PIRI conducted a study in collaboration with Maternal and Child Health Services in the Cities of Banyule, Whittlesea and Moonee Valley, to examine whether a brief Motivational Interviewing (MI) intervention delivered by Maternal and Child Health Nurses (MCHNs) during routine postnatal visits improves help-seeking following childbirth.
In this study, 27.4% of women experienced emotional distress over the 12 months post-birth, however, the odds of seeking help were 4 times higher for those who received Motivational Interviewing than for those who received routine care. Of the women who sought help from a psychologist, 47.6% in the MI condition attended 6+ sessions, compared with only 20.0% in the Routine Care condition, suggesting better adherence to treatment in the MI condition.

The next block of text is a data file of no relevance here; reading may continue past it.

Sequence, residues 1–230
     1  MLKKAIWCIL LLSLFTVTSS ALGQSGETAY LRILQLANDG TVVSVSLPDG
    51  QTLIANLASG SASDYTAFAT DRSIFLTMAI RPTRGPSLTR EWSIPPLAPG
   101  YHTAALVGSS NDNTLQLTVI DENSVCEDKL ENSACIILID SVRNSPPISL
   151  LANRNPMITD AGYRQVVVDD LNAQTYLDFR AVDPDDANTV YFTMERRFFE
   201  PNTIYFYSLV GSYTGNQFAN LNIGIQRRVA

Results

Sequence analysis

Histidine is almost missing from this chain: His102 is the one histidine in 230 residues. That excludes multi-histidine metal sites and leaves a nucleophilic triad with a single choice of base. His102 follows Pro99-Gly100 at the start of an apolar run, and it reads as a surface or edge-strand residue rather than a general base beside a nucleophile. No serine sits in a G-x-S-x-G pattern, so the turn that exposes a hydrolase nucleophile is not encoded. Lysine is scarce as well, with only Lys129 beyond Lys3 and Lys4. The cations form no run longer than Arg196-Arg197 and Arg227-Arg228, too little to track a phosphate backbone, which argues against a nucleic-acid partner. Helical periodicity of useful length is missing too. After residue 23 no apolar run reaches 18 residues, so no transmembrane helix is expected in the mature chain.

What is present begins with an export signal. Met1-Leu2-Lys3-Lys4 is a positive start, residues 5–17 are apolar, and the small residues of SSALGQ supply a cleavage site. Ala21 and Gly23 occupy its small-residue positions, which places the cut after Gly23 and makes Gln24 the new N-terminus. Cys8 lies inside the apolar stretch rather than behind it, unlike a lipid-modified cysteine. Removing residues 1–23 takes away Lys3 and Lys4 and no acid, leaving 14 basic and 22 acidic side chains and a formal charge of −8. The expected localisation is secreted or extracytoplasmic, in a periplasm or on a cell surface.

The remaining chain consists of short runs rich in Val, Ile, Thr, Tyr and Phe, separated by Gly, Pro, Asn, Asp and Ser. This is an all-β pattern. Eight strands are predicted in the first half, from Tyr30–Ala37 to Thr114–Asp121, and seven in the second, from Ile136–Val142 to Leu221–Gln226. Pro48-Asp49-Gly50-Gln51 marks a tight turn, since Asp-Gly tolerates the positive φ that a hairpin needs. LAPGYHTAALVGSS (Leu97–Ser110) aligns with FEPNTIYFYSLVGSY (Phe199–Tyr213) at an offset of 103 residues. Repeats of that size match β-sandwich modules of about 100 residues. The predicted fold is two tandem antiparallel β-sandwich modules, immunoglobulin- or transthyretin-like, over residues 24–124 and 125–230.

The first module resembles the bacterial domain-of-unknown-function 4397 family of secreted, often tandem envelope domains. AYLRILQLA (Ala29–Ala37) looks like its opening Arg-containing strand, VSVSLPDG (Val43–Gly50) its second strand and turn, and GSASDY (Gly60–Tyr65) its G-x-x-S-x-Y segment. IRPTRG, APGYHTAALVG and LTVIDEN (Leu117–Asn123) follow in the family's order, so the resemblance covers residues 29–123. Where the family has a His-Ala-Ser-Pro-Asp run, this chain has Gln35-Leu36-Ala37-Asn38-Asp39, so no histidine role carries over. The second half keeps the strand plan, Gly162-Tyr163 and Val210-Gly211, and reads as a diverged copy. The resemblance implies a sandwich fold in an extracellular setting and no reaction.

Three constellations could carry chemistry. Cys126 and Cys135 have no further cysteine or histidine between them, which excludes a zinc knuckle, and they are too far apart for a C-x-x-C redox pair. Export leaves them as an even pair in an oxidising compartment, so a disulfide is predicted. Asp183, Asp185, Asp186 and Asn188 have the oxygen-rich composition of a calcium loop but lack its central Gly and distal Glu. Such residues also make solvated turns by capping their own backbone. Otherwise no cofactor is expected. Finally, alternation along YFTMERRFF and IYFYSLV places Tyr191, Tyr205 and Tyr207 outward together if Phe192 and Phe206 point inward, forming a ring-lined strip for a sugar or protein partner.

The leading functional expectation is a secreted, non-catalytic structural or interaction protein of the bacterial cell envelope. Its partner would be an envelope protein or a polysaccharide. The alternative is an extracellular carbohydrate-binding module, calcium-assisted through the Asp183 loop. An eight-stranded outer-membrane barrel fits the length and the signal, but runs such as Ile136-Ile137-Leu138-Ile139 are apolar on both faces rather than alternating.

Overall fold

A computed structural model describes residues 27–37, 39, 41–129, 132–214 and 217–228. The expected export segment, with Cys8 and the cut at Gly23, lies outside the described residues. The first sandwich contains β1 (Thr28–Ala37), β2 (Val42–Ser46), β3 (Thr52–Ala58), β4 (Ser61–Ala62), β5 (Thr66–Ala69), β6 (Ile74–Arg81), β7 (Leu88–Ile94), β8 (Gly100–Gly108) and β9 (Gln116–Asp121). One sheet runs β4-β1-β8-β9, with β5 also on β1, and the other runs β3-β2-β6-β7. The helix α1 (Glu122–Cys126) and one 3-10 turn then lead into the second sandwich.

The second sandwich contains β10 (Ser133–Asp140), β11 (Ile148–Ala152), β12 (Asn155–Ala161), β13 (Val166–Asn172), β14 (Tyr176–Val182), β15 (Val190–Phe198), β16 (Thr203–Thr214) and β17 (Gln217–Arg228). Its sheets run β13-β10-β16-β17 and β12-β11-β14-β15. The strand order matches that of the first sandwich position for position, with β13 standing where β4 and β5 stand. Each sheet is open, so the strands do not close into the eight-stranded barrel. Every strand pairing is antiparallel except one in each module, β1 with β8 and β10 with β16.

There was a non-significant trend of lower depression, anxiety and stress in the MI condition. In both the MI and Routine Care conditions, women found the discussions they had with their MCHN about their emotional well-being to be helpful.
These results suggest that treatment uptake for postnatal distress can be increased with a brief MI intervention delivered by MCHNs. Results showed that training MCHNs in MI was feasible and valued.
We would like to thank the MCHNs in the Cities of Banyule, Whittlesea and Moonee Valley who participated in this study. A paper reporting the results of this study in full has been submitted for publication.